The Council is committed to finding the best delivery model to achieve the priority outcomes for the District, at the best possible value to the taxpayer, making the best use of our total resources.

If you are thinking about expressing an interest in running a local service, get in touch!

We would welcome a discussion with you as early as possible. There may be ways in which we can help you achieve what you want without having to submit an EOI.

If you do wish to submit an EOI:

  • You must ensure you submit your EOI during the appropriate notification window. 
  • The form and accompanying guidance (see below) are aimed at helping you to ensure you do meet the requirements specified in the Act or in regulations.

How will we assess your ability to provide the service?

The Council seeks to encourage and promote social responsibility and active citizenship.

Statutory guidance tells us what we must assess in order to be sure that eligible bodies putting forward an EOI are capable of providing the relevant service, and have the financial and other resources to do so.

In addition, eligible bodies must show how your provision of the service will improve or promote social, economic or environmental wellbeing – otherwise known as social value.

We would expect the social value to be demonstrated through some form of investment in the local community: for example employing people locally; advertising recruitment opportunities locally; or supporting vulnerable adults to take training or development opportunities to improve skills.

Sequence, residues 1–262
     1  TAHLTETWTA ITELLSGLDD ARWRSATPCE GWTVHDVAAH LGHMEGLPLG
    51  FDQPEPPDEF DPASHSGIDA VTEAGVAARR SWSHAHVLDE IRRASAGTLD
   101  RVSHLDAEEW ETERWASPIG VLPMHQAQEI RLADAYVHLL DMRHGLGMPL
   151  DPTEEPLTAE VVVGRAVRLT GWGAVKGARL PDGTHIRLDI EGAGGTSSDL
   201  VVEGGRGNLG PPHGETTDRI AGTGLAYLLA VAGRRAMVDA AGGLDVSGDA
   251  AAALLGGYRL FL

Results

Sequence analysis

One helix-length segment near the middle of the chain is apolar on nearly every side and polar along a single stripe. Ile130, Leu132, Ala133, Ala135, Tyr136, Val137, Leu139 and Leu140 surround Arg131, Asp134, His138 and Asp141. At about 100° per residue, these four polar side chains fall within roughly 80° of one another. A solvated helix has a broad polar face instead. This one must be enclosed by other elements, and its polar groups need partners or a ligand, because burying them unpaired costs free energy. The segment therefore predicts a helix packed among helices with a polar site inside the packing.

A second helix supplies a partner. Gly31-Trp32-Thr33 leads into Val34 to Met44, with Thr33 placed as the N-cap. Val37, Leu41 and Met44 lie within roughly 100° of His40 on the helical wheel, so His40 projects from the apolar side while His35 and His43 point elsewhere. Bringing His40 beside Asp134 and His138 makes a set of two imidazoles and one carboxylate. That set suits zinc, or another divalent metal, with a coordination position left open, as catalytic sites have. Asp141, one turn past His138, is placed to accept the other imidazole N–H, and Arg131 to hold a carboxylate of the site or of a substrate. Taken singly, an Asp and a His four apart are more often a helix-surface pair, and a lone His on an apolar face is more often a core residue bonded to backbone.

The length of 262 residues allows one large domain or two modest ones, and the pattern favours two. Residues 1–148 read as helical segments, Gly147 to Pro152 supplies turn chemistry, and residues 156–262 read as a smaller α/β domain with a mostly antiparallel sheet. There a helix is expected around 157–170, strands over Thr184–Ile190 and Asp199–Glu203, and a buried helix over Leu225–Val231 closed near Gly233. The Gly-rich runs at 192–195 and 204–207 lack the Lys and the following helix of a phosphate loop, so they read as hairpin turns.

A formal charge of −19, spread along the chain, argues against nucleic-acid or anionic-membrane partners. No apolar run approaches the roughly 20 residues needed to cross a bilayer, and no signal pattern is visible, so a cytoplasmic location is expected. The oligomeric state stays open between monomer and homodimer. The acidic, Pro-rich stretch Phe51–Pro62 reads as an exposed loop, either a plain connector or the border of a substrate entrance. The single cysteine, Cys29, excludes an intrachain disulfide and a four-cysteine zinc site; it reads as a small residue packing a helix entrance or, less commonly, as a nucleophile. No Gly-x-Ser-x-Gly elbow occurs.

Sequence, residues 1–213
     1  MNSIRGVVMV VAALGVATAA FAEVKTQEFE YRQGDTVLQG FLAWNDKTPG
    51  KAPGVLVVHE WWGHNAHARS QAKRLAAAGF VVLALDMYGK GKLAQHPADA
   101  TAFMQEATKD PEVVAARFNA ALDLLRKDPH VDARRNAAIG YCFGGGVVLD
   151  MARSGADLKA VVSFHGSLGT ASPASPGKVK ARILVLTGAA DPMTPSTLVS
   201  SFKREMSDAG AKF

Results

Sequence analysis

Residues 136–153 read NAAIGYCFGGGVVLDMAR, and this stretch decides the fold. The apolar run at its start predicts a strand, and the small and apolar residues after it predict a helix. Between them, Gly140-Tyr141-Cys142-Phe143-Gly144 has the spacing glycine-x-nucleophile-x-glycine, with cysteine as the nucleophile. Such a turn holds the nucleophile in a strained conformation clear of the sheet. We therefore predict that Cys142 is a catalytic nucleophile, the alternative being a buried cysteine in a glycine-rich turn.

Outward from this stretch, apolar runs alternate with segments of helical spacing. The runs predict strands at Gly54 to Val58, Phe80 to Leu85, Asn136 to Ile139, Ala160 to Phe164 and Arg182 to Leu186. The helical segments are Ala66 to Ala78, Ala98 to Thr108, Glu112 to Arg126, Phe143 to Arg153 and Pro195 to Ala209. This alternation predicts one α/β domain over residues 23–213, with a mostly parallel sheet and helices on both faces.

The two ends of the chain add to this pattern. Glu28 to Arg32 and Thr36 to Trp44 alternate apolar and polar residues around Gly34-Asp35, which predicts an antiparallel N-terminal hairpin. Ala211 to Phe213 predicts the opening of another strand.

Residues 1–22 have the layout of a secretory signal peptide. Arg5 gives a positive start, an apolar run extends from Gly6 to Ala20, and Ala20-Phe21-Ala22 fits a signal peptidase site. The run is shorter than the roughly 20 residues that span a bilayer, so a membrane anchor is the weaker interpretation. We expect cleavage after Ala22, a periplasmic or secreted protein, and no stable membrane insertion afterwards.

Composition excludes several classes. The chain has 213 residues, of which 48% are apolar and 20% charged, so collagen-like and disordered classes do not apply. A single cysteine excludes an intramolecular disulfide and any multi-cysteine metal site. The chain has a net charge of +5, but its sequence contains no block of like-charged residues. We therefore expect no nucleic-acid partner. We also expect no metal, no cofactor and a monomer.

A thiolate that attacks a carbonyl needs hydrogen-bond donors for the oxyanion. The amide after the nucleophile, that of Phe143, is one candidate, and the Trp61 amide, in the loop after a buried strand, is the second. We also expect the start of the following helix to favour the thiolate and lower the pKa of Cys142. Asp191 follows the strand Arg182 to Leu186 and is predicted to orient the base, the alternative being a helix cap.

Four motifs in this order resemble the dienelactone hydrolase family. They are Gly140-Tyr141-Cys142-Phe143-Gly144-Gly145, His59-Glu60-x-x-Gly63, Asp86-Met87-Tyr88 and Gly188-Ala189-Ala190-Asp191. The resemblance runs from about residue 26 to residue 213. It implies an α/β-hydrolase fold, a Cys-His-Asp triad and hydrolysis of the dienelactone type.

In your EOI:

  • You must tell us how you are going to meet the needs of service users; 
  • You must tell us how you will engage with Council employees affected by your EOI; 
  • You must tell us how you think your EOI will promote social value.

Which services are relevant?

Community Right to Challenge applies to most Services run by the Council. There are very few exemptions as listed below:

  • Services that are partly or fully commissioned by an NHS body are exempt until April 2014. This includes Children’s Centres which are delivered in part by the NHS. 
  • Services that are provided by the Council to a named person with complex individual health or social care needs. 
  • Services which are commissioned and managed by individuals or their representatives using direct payments.

The statutory guidance does however also give the Council grounds for rejecting EOIs for services which meet the following criteria:

  • Services already subject to a procurement exercise, or where negotiation to commission or contract the service is already under negotiation and at least in part conducted in writing. 
  • Services that the Council has already made a decision to stop providing altogether and evidenced in writing. 
  • Services that the Council has already published its decision to consider a proposal from employees to run the service.

Before accepting an EOI, the Council must be sure that the EOI is a genuine offer, and is not vexatious. The Council must also be sure that acceptance of an EOI does not put it in breach of the law. Finally the Council must comply with its best value duty, having regard to a combination of economy, efficiency and effectiveness.

*Please note that the statutory guidance refers to eligible bodies as ‘relevant’ bodies.

Contact details

If you are thinking of submitting an EOI please contact
Commissioning and Procurement
Britannia House
Bradford
BD1 1HX

Phone : 01274 434656
Email : crtc@bradford.gov.uk